Thursday, May 21, 2009

The Church of Patrick M - Part 2

As discussing my politics is currently as effective as pissing in the wind (and I'm burning out), I'm going to recharge a little by going hard toward the faith angle. Because most of us have it, a few of us need it, and some of us couldn't explain there's with a teleprompter. So I'm going to ban politics from the comments and just discuss faith matters, and lay out the mixed bag of stuff I've got until I run out of posts.

Also, remember, God does have a sense of humor; just look at the platypus.

For Part 1, click here.

The Perfection of Man and the Elder Souls

My last post delved into my ideas on God. One of my observations was that "...God is within us, within the world, and beyond it as well." In the comment section comes a comment from Shaw (which is where I found the FSM link), who, after explaining how the Catholic Church made her an atheist, included this comment: "I believe the "devil" is the worst of our human nature; I believe that "god" is the best of our human nature."

(and I love any comment that uses the semicolon)

I illustrate this because it shows our attempts to explain the unexplainable, rationalize the unrationalizable, and proves that both atheist and faithful see the same thing, even if they use different language and see it from a different direction (especially when the Catholics are involved).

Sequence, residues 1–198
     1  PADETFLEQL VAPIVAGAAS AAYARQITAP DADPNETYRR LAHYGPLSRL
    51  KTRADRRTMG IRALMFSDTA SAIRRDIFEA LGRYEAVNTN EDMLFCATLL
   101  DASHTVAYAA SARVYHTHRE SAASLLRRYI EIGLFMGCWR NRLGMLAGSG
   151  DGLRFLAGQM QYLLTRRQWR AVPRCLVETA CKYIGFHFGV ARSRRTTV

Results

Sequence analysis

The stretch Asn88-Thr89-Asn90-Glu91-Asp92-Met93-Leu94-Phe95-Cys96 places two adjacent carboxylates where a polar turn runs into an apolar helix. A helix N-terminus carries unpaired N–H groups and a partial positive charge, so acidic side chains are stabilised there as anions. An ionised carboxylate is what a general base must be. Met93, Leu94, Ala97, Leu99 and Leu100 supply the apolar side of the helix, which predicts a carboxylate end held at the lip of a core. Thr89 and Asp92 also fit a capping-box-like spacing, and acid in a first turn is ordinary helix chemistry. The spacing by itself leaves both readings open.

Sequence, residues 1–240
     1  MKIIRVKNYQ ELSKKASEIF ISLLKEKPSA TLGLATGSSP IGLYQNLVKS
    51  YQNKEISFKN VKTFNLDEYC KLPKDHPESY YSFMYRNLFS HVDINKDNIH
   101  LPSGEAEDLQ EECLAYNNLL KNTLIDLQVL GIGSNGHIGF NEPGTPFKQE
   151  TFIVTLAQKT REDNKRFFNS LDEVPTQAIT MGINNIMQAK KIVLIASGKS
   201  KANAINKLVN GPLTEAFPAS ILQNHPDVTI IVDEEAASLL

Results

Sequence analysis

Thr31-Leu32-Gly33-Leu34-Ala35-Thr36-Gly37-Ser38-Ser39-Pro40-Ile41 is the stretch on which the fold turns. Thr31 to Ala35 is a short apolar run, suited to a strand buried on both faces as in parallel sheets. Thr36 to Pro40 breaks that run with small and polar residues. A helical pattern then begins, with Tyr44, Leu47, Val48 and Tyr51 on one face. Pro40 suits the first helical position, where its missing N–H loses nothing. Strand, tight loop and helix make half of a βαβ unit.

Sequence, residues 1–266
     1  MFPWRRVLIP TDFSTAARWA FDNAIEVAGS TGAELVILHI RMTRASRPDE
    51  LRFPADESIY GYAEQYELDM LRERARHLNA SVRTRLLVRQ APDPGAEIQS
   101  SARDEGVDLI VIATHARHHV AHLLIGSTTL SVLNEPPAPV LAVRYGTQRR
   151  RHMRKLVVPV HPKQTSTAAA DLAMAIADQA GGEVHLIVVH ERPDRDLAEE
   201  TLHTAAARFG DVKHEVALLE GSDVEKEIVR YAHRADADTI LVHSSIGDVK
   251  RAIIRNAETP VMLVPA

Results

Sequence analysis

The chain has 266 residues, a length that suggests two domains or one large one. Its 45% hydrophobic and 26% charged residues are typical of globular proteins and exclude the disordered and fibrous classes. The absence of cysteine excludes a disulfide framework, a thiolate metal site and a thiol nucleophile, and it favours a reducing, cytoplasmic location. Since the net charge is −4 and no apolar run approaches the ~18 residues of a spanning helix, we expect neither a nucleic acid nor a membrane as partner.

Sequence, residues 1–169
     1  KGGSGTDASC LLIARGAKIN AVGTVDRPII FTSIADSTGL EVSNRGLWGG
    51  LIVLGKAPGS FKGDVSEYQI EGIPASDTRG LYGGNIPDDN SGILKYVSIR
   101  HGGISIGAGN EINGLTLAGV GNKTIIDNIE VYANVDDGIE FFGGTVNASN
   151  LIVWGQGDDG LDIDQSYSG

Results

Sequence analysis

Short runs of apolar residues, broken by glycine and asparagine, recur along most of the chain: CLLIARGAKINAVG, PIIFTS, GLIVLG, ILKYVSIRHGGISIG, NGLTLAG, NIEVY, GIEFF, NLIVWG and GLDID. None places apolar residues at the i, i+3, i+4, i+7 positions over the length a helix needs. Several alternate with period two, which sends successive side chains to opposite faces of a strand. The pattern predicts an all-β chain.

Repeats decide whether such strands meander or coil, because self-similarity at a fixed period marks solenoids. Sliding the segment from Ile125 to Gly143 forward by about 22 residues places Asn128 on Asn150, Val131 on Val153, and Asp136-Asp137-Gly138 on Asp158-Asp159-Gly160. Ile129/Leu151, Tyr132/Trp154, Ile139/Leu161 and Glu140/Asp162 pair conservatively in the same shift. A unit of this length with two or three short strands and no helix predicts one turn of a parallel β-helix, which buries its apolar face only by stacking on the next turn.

I've always believed in the soul, or spirit, or essence, or whatever you want to call the spiritual essence of humanity. Very simply, the idea of nonexistence at death for a mind that can see and perceive beyond simple senses is something I've never been able to accept. It is certainly a rational possibility, and if it is fact, then I sure won't know. Personally, I'd prefer Catholic Hell to nonexistence. At least then you get some good death metal and some surfing in on the lake of fire. After all, eternal torment is something (and easier after Catholic school).

I've always thought of our souls as something that transcends the mortal realm, and has the ability to live on again (yes, a version of reincarnation). But I don't believe this is everybody, and I can't explain all the details. I do know that it has something to do with awareness, as in some people achieve it, and move on to another life; some don't and become nothing. And those who have been around many lives eventually move on. And I suspect I've been around a while (thus this makes some semblance of sense to me.

As was noted we have the capacity for both great good and excessive evil (and always asinine alliteration). I believe that most people, in a vacuum, would lean toward good. However, existence requires a balance. So while everyone will try to be good (gotta love free will), the presence of evil in the world will always balance out. Thus, in the political arena, things like world peace are noble, but in reality a load of horseshit. It sucks, but there it is.